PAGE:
How to trust yourself - the foundation of confidence

There are two distinct layers to confidence – our belief in our own abilities and the trust we have in ourselves.


The top layer is our belief in our own abilities, which grow as we assess what we need to learn, we experiment, we seek opportunities to try out what we are learning and we commit to keep learning. It is like building a house, one brick at a time.

But if we lack confidence in ourselves, then when we exercise an ability and make a mistake or we receive criticism, even that confidence in our ability is knocked because we lack a firm foundation of trust in self.

A lack of trust in yourself can be easy to cover up and ignore for a while. But we can all think of people, maybe ourselves, who are great at what they do, but are riddled with doubts and self-criticism.

If we don’t trust ourselves, we don’t have that firm foundation to build on. When we have built that foundation, we can make a mistake or hear criticism and our confidence remains intact.

That foundation to confidence is trusting in ourselves. So how do we do that?

How to develop trust in yourself

Get to know yourself - Trust grows the more we know someone. You need to know yourself! And here I am talking about your true self, not the roles you might play in life, such as a parent, employee, friend, child, sibling. Learn what you truly love and what you hate. Think back to when you were a child and what you loved to spend time doing.

Make a list of what you are good at and what is important to you. These are all pieces of the puzzle that is you and you need to know them to inform how you feel in any given situation. They will help you make choices that are right for you. They will help you reference yourself more accurately. You will become more in tune with yourself, which will foster greater trust.

Stop listening to everyone else – Your opinion is what matters most. When we are brought up to be seen and not heard, we let others opinions in far too easily. Choose who you want to listen to. You can choose not to listen to the critics in your life. And even when you do listen to comments of someone whose opinion you respect, still slow yourself down and evaluate what is being said before you let it land. Ask yourself what is true.

Turn to yourself as the best source of knowledge about yourself – no one knows you like you do.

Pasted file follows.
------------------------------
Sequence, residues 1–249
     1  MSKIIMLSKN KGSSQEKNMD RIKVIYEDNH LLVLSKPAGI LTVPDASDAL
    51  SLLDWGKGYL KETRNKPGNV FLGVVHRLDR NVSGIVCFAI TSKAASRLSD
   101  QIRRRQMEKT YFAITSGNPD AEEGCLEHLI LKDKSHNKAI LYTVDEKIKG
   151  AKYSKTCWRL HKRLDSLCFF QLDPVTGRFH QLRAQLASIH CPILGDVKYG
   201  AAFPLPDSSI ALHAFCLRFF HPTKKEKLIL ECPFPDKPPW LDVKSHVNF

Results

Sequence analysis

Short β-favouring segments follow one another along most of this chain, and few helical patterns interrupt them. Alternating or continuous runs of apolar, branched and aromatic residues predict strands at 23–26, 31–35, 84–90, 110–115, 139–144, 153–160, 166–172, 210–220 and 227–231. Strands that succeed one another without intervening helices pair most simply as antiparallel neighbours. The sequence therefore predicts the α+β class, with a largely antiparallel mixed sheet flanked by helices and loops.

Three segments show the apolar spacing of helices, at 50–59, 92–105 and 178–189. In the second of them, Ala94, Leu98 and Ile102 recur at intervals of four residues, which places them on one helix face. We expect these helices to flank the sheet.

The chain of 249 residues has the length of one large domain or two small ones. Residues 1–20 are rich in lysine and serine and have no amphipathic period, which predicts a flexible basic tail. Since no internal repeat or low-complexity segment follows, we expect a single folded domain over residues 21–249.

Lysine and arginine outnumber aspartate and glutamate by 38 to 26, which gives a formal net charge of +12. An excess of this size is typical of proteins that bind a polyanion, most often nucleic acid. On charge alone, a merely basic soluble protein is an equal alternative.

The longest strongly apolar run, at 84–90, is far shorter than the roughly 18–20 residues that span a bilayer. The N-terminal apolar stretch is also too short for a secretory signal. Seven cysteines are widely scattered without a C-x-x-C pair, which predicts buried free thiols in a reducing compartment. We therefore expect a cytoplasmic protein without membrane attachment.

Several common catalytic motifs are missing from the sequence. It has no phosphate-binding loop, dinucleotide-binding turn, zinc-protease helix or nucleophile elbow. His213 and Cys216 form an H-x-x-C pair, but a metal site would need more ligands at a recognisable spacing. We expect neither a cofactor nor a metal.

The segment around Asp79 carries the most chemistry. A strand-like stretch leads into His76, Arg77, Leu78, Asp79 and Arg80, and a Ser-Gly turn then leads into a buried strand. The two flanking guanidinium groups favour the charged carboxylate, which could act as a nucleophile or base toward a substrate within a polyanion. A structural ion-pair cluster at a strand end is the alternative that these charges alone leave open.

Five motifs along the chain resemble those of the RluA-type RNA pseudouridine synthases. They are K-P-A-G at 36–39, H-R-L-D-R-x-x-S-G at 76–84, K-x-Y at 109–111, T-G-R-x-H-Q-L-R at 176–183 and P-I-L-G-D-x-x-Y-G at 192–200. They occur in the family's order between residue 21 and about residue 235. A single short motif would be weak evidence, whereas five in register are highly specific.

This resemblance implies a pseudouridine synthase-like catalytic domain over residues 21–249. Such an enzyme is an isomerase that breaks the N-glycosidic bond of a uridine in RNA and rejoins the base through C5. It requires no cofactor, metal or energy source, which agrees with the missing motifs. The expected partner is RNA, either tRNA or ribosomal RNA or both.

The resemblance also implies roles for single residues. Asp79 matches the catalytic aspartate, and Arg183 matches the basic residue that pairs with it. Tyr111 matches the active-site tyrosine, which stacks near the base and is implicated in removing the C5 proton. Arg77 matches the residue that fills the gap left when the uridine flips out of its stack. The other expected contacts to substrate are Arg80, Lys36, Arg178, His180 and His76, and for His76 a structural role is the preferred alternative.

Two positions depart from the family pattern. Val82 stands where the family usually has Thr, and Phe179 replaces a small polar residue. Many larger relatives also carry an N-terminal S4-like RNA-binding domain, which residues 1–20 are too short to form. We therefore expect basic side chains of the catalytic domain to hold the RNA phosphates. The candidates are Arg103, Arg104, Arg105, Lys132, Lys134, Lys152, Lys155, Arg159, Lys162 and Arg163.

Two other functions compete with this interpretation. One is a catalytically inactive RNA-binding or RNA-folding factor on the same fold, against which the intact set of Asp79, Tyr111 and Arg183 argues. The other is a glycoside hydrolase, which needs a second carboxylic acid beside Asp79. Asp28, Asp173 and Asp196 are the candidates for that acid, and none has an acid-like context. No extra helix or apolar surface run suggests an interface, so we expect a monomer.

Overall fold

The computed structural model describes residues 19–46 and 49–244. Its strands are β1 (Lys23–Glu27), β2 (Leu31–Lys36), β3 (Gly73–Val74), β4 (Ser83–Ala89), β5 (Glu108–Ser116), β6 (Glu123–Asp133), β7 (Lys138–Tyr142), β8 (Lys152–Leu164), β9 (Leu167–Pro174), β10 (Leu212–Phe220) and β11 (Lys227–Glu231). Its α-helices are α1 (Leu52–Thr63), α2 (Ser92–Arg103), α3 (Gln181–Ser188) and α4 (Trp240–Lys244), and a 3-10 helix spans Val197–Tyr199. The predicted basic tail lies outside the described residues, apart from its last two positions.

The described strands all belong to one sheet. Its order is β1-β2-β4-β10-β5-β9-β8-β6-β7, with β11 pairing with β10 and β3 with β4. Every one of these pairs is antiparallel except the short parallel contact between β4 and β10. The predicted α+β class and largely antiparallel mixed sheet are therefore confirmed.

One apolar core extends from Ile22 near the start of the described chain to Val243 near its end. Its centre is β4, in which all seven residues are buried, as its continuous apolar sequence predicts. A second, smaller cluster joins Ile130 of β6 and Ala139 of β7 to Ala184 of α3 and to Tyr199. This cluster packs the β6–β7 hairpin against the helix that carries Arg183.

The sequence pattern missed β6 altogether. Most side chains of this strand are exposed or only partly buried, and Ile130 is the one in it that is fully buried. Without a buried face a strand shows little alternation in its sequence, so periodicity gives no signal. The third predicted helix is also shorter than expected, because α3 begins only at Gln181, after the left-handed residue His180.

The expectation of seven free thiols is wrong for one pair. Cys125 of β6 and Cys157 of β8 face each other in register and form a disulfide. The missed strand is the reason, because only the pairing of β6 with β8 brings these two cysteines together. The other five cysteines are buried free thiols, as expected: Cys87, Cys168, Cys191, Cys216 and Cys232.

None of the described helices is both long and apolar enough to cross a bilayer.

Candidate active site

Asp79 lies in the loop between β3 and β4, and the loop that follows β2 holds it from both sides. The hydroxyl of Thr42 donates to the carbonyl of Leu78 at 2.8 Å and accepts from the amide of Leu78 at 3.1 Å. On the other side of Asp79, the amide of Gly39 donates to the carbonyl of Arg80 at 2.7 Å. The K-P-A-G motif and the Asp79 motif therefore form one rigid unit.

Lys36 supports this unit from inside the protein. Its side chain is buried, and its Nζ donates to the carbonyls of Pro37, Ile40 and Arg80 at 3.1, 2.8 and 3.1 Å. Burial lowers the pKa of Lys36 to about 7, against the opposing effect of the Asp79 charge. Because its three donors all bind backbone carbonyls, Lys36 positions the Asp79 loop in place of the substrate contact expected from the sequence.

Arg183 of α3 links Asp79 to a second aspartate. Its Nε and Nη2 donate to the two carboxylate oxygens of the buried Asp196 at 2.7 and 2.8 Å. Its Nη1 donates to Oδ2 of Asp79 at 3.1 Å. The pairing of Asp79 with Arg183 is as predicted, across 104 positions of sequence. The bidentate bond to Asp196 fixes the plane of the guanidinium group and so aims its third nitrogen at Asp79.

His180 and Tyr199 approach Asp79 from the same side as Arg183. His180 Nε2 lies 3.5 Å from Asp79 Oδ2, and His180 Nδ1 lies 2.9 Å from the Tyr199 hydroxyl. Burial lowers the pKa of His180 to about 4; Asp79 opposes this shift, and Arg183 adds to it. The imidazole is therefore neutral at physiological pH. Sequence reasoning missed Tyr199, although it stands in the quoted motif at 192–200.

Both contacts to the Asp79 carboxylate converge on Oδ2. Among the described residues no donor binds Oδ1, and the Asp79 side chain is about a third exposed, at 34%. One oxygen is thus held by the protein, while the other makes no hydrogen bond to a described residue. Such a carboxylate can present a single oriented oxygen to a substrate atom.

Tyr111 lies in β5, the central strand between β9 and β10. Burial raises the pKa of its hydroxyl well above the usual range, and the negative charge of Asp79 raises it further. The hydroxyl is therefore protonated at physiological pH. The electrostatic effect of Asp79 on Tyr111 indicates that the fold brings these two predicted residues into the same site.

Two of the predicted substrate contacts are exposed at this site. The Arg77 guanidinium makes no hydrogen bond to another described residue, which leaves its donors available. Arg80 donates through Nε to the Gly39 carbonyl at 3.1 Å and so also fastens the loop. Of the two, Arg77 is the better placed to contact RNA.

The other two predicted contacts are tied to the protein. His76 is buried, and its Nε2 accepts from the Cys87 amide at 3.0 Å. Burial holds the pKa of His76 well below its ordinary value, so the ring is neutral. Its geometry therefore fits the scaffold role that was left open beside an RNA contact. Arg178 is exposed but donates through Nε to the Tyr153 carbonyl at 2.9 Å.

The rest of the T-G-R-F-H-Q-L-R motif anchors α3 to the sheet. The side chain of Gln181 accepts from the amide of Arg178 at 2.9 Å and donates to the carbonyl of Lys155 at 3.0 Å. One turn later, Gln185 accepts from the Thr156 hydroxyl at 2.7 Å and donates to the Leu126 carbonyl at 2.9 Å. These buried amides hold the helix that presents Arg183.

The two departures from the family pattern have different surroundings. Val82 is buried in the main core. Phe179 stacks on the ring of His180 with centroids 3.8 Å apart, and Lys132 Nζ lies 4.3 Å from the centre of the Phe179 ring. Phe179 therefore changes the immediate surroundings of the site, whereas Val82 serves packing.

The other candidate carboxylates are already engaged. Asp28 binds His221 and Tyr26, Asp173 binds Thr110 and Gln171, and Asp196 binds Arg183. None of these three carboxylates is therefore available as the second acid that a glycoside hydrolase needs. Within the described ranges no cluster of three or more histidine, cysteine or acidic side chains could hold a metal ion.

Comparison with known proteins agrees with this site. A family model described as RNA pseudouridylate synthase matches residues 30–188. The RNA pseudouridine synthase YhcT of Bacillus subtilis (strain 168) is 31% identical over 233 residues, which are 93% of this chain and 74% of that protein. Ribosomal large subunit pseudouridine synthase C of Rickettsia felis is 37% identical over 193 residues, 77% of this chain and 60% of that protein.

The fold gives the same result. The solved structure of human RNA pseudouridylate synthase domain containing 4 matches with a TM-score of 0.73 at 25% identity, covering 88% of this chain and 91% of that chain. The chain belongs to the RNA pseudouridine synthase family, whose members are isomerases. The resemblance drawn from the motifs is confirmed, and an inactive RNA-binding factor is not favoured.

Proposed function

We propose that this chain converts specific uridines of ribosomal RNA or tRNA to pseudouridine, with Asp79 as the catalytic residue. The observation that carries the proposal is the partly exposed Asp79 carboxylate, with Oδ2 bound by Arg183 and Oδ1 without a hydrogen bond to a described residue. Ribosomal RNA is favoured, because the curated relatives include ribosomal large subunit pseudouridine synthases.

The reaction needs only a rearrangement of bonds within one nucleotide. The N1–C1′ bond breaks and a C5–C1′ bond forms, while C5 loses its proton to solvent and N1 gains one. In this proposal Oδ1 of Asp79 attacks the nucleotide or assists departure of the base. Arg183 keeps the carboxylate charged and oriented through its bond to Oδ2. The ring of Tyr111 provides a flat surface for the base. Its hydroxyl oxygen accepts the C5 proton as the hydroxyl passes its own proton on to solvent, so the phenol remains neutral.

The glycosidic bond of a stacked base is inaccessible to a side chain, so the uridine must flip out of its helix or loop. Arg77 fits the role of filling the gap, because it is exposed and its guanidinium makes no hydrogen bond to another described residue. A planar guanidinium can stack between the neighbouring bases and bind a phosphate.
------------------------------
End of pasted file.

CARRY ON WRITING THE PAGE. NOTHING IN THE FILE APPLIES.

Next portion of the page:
Develop self-compassion – Trust takes time to build and is easily broken. We can give ourselves a hard time for years about choices we made in the past that we now view as ‘wrong’ or ‘stupid’. Learn to talk to yourself as you would your best friend. Remember that what you knew back then was different to what you know today. Have self-compassion for any mistakes you have made in the past and try not to judge them by who you are and what you know today.

Audit who you hang out with – Are you spending time with people who support you and your decisions and don’t judge you? Or are you hanging out with people who criticise, spread doubts, fear and gossip? We don’t exist in a vacuum and our environment and who we spend a lot of time with, matters. Look to those who are in the same space as you, your tribe if you like. The ones that will encourage you and spur you on, as well as will tell you when you mess up.

There may be points in your life where one-to-one support, from someone who can see and reflect back to you your amazingness, will help you see that for yourself too.

Remember that trust in yourself doesn’t happen overnight. This is something you can build up, starting now, with one of these ideas above. Keep at it and your confidence in yourself will grow and blossom. What will you do to develop trust in yourself a little bit more this week?

The views expressed in this article are those of the author. All articles published on Life Coach Directory are reviewed by our editorial team.

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Guildford, Surrey, GU1
Written by Helen Snape, Relationship Coach
Guildford, Surrey, GU1

Helen is a qualified Relationship Coach who helps women who say Yes to everyone else to build confidence, learn to say No and have the best relationships of their lives.

Helen writes and speaks extensively about the 'disease to please' and helps women re-write their life script to live life on their own terms.

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